This morning my iPod shuffle and the relative solitude of the drive to work provided me with the memory of a distinct moment of my youth. The song was "Time In a Bottle" by Jim Croce.
Jim Croce died in a plane crash in September, 1973. I was nine years old. I knew little at the time about popular music, and cared about it even less. I remember hearing of his death, and knew it was he who had recorded "Bad, Bad Leroy Brown," a song played often on the radio, and which I had enjoyed. That was about it.
About seven years later I was discovering the vinyl record albums my brother, nearly six years older than I, had been collecting and storing in the upstairs bedroom we shared. His stuff was generally off-limits to me, so, while he wasn't home, I made sure to be extra careful when handling his record albums.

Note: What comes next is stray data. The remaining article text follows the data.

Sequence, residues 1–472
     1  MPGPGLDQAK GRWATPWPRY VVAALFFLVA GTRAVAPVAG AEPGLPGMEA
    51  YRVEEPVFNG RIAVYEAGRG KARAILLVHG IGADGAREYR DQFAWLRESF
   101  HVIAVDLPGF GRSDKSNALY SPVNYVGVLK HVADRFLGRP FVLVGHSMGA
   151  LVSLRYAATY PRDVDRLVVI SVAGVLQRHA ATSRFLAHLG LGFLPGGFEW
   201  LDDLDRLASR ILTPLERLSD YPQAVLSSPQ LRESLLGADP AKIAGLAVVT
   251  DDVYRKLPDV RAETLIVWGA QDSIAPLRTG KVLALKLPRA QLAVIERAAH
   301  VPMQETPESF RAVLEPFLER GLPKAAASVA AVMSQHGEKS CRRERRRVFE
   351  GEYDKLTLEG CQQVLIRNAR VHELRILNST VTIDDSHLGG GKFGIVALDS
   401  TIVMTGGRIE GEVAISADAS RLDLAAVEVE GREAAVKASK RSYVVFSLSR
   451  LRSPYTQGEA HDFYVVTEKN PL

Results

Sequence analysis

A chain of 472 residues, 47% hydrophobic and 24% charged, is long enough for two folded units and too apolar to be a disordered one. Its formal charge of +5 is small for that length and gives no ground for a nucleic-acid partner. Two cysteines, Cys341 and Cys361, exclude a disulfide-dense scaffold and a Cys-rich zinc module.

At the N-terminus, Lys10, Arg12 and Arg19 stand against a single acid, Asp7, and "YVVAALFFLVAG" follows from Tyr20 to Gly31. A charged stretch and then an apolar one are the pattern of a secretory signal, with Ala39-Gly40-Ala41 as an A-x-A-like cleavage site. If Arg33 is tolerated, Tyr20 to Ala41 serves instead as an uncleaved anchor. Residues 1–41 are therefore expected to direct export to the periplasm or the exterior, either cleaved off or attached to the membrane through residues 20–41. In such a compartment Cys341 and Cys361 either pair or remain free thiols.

The distinct moment to which my iPod brought me this morning was when I laid the needle on the first track of one of the two Jim Croce albums in my brother's collection. I lay on the floor with his headphones on so I could play it as loudly as I wanted. Even then I knew only that Jim Croce had recorded a couple of hit songs, plus one or two other popular pieces, and had died tragically while his star was still rising. With his songs piping directly into my ears, I was struck by the poetry in his words, by the emotion in his voice, and the weight of his music. And there, on my back on the hard floor of my shared bedroom nearly a decade after Jim Croce died, the full depth of the loss the music world experienced on the day of his death hit me. And I wept.